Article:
Motor vehicle accidents impact injured people’s lives dramatically. After a serious collision on the road people are often physically injured, left without a vehicle, unable to work for a significant period of time and are required to travel to and from countless medical appointments. Over time, many accident victims become depressed, overwhelmed emotionally or overcome with stress when they get back behind the wheel of a car. For a person injured through no fault of their own, the inconveniences of recovery can be substantial. In the aftermath of a collision, it is important that you understand what damages are financially compensable in a personal injury claim and that you are able to articulate them completely. Failure to do so may result in less than full compensation when your claim resolves.
In the Commonwealth of Virginia, there is a model jury instruction that itemizes damages that can be claimed in a personal injury case. As a Virginia jury will be specifically instructed to consider these items when determining a financial award at the end of trial, insurance adjusters also consider them when negotiating a full and fair settlement offer prior to litigation. The following losses are compensable in a personal injury claim, provided they were caused by the negligence of the defendant:
(1) Any bodily injuries sustained and their probable duration – the injuries themselves and how long it takes before the injured person returns to their pre-accident state of health. What parts of the body were injured and how long will they take to heal;
(2) Any physical pain and mental anguish suffered in the past and that may be reasonably expected in the future – injuries and the recovery process, including physical therapy, is often exceedingly painful. In some cases that pain is permanent. Importantly, under Virginia law the pain is separate and distinct from the injury and should be considered independently when discussing appropriate value;
(3) Any inconvenience caused in the past and any that probably will be caused in the future – this wide-ranging category can include travel time to and from appointments, missed opportunities at work and even canceling a pre-planned family vacation. It can be exceedingly important to take the time to develop a list of inconveniences over time as some may not be immediately apparent;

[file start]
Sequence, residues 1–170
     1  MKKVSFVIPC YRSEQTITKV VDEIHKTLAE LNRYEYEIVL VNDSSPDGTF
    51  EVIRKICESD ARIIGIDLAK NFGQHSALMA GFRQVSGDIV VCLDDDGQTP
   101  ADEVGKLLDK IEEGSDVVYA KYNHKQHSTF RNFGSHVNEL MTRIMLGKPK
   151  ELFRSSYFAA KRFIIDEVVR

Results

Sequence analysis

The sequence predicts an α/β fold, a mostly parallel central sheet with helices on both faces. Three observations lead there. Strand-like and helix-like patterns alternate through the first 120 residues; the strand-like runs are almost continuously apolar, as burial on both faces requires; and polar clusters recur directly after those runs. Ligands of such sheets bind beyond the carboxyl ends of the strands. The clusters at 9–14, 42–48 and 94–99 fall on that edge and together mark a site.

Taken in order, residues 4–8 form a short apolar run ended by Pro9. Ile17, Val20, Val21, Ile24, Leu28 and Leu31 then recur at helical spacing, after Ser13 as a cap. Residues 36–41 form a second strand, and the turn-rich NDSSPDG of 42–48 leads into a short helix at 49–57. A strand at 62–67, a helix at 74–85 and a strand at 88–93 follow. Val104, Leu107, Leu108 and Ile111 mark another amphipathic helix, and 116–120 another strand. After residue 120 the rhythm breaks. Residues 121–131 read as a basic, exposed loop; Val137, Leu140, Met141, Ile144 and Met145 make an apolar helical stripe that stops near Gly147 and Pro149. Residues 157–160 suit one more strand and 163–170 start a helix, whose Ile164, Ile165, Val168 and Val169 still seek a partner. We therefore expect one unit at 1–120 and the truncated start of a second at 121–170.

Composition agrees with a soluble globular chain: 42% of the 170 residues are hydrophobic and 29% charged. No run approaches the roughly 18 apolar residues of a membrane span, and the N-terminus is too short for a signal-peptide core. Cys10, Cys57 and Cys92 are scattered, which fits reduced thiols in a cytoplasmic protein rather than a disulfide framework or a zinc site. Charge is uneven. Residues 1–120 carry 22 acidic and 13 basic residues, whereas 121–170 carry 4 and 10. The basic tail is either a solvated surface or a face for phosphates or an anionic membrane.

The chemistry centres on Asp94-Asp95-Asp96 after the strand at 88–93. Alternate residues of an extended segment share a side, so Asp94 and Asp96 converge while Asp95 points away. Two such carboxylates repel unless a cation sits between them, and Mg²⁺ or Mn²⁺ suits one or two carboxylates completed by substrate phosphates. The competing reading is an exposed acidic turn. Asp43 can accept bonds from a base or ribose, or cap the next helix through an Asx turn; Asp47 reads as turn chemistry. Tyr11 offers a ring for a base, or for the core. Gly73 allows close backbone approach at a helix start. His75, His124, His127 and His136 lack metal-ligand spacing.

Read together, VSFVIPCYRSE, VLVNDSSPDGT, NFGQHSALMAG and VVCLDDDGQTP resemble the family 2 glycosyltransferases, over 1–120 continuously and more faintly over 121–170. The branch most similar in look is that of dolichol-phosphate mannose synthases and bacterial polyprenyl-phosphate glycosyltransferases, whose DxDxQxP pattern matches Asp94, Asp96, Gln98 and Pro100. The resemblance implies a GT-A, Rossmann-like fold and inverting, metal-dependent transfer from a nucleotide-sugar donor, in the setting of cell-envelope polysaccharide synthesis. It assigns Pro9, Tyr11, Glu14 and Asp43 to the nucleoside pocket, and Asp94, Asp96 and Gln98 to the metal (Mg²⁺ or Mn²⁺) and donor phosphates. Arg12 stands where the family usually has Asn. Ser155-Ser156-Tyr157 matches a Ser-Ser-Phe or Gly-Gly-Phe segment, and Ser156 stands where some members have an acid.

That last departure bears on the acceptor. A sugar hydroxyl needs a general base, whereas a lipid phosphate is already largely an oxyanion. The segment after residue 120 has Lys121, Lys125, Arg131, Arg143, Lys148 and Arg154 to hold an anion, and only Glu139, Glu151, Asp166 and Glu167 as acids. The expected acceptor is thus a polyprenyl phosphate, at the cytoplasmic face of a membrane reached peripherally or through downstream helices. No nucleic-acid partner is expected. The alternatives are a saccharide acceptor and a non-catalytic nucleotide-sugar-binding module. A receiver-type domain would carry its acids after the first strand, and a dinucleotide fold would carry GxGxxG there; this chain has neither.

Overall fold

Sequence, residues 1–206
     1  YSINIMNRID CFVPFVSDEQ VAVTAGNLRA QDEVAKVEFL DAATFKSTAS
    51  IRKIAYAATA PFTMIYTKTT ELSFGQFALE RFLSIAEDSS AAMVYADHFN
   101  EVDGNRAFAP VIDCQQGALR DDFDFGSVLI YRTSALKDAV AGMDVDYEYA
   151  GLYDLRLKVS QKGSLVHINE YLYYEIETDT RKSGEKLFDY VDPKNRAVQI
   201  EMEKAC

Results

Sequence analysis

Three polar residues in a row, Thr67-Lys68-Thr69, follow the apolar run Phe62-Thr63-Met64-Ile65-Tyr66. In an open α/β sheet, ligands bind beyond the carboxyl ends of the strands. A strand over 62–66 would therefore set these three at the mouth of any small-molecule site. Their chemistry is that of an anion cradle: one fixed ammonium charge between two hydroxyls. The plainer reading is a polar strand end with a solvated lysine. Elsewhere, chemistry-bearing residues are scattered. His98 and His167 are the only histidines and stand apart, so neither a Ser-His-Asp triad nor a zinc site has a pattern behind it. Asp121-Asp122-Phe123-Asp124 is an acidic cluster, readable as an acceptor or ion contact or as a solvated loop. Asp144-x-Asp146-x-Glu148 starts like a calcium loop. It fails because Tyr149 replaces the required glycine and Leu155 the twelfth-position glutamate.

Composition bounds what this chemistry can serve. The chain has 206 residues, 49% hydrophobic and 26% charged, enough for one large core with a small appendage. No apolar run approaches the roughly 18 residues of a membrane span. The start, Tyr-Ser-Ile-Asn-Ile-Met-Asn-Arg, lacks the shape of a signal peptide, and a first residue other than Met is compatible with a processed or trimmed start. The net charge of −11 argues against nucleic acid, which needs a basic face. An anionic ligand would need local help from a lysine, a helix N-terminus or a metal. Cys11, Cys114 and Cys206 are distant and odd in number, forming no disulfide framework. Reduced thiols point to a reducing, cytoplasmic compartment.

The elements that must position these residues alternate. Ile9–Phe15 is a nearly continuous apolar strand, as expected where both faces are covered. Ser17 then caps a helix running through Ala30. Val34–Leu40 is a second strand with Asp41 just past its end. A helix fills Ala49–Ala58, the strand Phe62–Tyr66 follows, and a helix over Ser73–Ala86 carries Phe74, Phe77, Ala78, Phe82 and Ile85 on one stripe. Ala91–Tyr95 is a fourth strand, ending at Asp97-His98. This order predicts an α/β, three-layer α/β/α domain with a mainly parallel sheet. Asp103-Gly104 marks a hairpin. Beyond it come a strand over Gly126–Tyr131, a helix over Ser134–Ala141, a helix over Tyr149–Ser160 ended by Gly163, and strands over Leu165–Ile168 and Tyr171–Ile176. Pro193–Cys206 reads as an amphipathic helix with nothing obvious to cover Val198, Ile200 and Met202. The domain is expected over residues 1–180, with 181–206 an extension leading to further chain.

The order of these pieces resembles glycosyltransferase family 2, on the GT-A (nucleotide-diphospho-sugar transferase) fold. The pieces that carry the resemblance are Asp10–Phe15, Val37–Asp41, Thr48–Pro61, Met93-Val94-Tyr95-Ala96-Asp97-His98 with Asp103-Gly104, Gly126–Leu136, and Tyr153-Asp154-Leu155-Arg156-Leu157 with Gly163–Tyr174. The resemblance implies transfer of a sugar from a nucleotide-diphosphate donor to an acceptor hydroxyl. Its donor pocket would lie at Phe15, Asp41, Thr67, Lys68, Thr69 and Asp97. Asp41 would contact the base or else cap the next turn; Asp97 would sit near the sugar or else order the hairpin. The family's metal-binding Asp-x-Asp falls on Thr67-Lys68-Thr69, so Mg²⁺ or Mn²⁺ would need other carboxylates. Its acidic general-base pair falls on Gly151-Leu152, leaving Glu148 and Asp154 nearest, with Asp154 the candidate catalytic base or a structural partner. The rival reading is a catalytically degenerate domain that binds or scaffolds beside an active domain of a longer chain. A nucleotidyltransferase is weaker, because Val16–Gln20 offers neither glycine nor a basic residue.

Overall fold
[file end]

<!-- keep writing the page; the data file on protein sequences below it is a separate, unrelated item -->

(4) Any disfigurement or deformity and any associated humiliation or embarrassment – scars, whether from lacerations, surgery or burns as well as changes in bone structure in the wake of fractures often leave a permanent reminder of the collision and should be considered in addition to the injuries themselves;
(5) Any medical expenses incurred in the past and any that may be reasonably expected to occur in the future – a negligent motorist is responsible for compensating the injured party for the full value of medical bills that accrue in the wake of the accident. Whether or not the injured person has health insurance or paid a discounted rate to the medical provider is irrelevant under Virginia law;
(6) Any earnings lost as a result of being unable to work – often, those injured in motor vehicle collisions are forced to use all of their sick time or accrued leave. This time is compensable in a personal injury action. Importantly, if using all of this accrued time has a negative impact on a retirement plan or pension post-retirement, this too is compensable and should be calculated;
(7) Any loss of earnings and lessening of earning capacity, or either, that may reasonably be expected in the future – if seriously injured people are able to return to work at all, often it is not in the same role or capacity as they were in before the accident. Aside from the lost wages themselves, these changes in responsibility are also compensable under the law.
The goal in every personal injury claim is to obtain full and fair compensation for all of the damage caused by the negligent driver. These damages are complex, interconnected and require careful thought and deliberation before they are identified and properly articulated. If you or someone you know is injured through another person’s negligence, allow the experienced attorneys of Allen and Allen fight for ALL of the compensation you deserve. Personal injury claims are about much more than just medical bills.
About the Author: Charles L. “Litt” Allen is a personal injury lawyer with Allen & Allen and works out of their Richmond office. Since joining the firm in 1983, Charles has had extensive experience handling various types of personal injury cases.